As Bob Carroll’s Child, you learned Courage. On sunny days, we would spend time by a creek with the plan to feed ducks. We each got an entire loaf of stale bread to pass the time. These were no normal ducks, but rather Canadian Geese…and we distinctly remember rushing to the top of a car to escape their angry beaks. And most importantly, he inspired all of us with his courage the last three years. 3 weeks ago, he and I looked up the Odds of his combination of diagnoses and we determined that Bob Carroll is truly 1 in a million, and likely the only person in Indianapolis with both multiple myeloma and multiple system atrophy. He fought through hospital stays, loss of independence, and many days at home. He has been an inspiration for all.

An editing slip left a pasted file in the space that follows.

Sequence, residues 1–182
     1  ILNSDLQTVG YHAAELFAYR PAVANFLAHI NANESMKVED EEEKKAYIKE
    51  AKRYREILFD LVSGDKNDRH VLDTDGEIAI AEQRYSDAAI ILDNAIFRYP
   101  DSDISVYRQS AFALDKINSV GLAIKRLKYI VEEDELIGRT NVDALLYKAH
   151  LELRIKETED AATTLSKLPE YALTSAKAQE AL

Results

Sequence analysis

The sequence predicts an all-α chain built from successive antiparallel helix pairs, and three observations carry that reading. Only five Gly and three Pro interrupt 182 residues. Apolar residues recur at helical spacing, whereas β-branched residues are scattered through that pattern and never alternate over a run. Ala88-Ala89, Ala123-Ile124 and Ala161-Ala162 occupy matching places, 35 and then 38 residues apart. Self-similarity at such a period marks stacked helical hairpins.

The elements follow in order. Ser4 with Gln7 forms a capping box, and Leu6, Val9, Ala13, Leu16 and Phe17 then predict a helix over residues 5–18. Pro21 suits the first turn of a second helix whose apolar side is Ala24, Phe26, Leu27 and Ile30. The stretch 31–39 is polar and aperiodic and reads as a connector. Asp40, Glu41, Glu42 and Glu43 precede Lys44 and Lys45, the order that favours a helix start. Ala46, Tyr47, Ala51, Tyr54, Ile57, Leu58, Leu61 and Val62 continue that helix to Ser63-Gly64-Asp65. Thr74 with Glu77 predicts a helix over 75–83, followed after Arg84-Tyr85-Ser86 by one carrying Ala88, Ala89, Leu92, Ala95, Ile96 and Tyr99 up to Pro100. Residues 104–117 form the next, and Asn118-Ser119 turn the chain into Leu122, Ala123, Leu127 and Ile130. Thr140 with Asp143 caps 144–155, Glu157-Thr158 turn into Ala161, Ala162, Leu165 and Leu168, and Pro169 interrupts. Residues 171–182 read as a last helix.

Beth: I thank dad for all special moments we spent together doing jumbles and taking walks. Laura: I thank dad for all evenings filled with the Wheel of Fortune and love shown to my daughters. Keith: I thank dad for shooting baskets with me in the backyard, wormies, and all the mornings spent sharing coffee.
We all know that dad is being taken care of in Heaven just as he was taken care of here. In his last day on earth, he had a conversation with his deceased mom and shared laughs. We know they are laughing together above.
And now in dad’s final words, and written by him…